If I think about the work of Wayne Thiebaud (1920, US) I can not not think at the same time about the work of Giorgio Morandi. It is in both artists that I find a certain way of looking and composing enough within the canvas that it will speak without big flourishes. Of course, if we look close, we can see big differences: Where Morandi’s colors are very subtle and usually depict simple subjects such as vases, bottles or bowls Thiebaud is almost the opposite, with a use of color in its full potential and a representation of motifs that are more close to the image we could have of the United States food: cakes, hot dogs, lollipops… If Morandi was enclosed in his studio moving objects around and trying to get the perfect harmony among all of them, Thiebaud goes out to the world, sees, and then, goes to the studio and interprets these things by memory.
Until the 16th of September the museum Voorlinden is hosting the first-ever European retrospective of the work of Wayne Thiebaud bringing together around sixty of his works from 1961 to 2018. Walking through the exhibition we can see that the questions about color, light and compositions are quests of a lifetime that the artist still develops and tries to solve (or give his opinion about) within different motifs, being the most famous mouthwatering depictions of cakes, ice creams and hot dogs, but being explored with the same interest and intensity in portraits or landscapes. The most interesting aspect of Thiebaud work might be his use of colour, that most of the times gets accentuated by very clean backgrounds, allowing us to focus in the main represented motifs. A good example for this might be Girl with Ice Cream Cone (1963), where the subject is as simple as its title, but it is in the richness of the outline of the girl, contrasting with the white background where we can see how he gives us colors that might exist in reality and we are just not able to appreciate.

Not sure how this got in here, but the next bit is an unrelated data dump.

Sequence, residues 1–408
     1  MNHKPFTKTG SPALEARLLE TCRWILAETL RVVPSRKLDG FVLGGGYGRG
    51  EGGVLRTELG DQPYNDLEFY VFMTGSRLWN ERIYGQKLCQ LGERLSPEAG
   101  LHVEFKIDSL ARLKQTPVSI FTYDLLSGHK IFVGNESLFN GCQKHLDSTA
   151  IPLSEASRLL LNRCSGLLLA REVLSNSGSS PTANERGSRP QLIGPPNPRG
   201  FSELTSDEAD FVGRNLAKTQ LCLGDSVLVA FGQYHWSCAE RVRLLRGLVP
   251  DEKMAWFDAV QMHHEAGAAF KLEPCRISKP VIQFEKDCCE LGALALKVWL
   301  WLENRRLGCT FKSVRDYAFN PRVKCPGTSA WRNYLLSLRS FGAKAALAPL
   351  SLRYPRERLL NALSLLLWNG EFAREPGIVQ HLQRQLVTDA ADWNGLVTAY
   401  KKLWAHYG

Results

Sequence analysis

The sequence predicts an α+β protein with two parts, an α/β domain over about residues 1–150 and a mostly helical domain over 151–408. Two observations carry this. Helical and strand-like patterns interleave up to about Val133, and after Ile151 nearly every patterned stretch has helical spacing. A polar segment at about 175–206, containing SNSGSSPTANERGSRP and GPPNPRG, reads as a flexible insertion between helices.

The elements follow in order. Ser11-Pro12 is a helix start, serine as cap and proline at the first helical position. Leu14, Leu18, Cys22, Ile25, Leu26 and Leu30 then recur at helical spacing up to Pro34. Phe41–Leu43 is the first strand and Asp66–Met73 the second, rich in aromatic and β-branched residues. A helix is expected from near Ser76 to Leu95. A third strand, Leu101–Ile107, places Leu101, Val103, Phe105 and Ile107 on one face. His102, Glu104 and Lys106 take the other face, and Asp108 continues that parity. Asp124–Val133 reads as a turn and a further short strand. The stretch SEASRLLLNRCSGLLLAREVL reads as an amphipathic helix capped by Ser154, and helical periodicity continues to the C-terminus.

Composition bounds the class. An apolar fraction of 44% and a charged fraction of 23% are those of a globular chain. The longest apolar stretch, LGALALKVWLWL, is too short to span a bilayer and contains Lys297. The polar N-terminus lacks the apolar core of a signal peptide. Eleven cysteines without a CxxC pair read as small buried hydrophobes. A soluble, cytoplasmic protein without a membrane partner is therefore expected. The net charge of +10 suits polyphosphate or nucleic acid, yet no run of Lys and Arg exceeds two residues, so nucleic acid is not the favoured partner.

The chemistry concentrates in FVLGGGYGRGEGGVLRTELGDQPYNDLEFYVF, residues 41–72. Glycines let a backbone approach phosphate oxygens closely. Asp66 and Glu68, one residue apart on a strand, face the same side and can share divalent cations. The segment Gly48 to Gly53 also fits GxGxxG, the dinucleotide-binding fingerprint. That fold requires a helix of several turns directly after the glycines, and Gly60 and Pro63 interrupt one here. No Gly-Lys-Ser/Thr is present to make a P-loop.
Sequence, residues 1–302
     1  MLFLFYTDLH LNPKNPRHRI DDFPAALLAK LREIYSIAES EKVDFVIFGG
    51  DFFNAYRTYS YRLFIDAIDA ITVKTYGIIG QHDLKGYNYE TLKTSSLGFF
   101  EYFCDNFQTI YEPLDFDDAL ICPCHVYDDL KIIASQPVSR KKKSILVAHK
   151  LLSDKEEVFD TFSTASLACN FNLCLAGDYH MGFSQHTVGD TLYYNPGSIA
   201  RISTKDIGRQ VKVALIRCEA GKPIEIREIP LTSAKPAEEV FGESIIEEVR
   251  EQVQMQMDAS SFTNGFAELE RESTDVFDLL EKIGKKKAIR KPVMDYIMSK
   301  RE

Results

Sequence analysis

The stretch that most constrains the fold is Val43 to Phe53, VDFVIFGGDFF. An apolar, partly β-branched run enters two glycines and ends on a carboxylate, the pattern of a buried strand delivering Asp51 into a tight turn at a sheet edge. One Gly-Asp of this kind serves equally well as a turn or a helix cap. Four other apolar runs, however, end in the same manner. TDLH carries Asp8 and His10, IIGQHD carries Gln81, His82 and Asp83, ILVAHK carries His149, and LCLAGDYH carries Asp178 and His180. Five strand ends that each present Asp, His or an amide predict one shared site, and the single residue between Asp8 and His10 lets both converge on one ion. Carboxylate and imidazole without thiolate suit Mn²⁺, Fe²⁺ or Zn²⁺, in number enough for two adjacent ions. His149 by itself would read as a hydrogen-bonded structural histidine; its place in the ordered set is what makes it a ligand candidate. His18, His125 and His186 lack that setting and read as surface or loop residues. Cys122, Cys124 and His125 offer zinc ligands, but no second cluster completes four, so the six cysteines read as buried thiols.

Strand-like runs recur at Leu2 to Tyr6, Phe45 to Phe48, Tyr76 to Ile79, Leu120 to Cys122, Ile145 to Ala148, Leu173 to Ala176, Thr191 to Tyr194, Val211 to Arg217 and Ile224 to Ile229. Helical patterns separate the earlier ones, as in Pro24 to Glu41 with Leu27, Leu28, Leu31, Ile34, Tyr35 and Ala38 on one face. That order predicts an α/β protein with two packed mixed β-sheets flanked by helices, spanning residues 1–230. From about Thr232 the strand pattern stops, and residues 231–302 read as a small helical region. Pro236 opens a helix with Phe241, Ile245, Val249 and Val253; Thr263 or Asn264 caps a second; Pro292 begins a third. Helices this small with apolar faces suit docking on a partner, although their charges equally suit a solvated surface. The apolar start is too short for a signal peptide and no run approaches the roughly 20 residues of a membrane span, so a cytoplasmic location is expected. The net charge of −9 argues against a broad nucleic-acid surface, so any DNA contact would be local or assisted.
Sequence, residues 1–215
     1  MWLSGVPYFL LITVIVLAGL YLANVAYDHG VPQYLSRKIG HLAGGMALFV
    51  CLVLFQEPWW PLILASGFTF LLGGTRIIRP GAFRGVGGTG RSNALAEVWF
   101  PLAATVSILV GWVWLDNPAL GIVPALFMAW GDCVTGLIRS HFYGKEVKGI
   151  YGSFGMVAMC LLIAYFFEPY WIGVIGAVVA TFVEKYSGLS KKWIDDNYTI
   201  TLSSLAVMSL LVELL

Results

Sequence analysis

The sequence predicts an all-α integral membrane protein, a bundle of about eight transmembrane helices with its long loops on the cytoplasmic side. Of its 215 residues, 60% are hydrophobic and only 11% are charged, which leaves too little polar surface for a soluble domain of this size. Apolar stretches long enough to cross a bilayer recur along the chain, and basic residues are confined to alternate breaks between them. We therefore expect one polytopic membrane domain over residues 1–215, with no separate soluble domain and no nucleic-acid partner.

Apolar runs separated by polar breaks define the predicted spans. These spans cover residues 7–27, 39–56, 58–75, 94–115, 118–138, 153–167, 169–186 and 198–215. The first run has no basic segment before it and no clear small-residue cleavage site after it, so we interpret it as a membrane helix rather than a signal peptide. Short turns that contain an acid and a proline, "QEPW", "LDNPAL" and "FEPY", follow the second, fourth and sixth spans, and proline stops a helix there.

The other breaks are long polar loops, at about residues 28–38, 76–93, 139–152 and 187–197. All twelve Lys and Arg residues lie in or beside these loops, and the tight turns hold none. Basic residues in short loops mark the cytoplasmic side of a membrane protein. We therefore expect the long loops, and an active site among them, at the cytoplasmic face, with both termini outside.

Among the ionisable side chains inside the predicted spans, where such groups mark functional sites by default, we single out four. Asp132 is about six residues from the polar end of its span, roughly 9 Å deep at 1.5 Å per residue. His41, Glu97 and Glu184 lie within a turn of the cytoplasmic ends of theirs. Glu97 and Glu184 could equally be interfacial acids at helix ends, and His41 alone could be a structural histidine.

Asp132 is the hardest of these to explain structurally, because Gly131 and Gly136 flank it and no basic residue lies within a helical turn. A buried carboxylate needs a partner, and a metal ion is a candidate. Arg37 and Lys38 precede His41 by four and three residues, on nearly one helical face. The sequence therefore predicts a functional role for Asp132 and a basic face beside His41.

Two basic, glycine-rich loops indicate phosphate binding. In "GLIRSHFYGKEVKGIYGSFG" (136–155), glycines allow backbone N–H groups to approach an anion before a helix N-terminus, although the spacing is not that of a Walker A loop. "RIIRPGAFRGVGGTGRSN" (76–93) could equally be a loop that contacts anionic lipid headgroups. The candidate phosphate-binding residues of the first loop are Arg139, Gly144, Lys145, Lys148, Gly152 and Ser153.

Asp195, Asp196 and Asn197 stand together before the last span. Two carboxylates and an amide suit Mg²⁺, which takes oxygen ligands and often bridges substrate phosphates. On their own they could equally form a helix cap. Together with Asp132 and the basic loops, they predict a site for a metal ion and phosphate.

The interest in these works by Thiebaud it is not only located in the final outcome, but also on the process. He does most of his work by memory (with the exception of the portraits), but with a lot of previous drawings. Once the painting starts, this can last for years, as he does not have a problem to look at things for long periods of time. A good example of this can be the painting Green Dress (1966-2017), which took 51 years to be completed. In a world where everything goes faster and faster, art included, it is nice to find from time to time cases as the one of Thiebaud, who worked as a teacher until he turned 70 and that took these classes as an education for himself, both giving to younger generations but engaging with them for his own work.
Without any doubt my favorite painting in the exhibition is Smoking Cigar (1974), a very small depiction of a cigar that David Anfam suggests is a clear reference to Mondriaan: It is an off-white square, with a thick line along the bottom, parallel to the bottom edge, and a thin one on the right, parallel to the side. So far, so Mondriaan-like. The difference is that Thiebaud’s thick line is a cigar, its juicy brush strokes wonderfully evoking the papery dryness of its outline, the powdery quality of the ash at the end. While the thin line, wavering and delicate, is a light plume of rising smoke. The formula for a Thiebaud, partly at least, is geometric structure plus a wizardry worked with the brush.
An amazing overview of an artist that is starting to get recognition in Europe (he had another exhibition in late 2017 in White Cube London) and that if I could find something to criticize that would be the lack of benches in the space, since these paintings are asking for long sitting in front of them.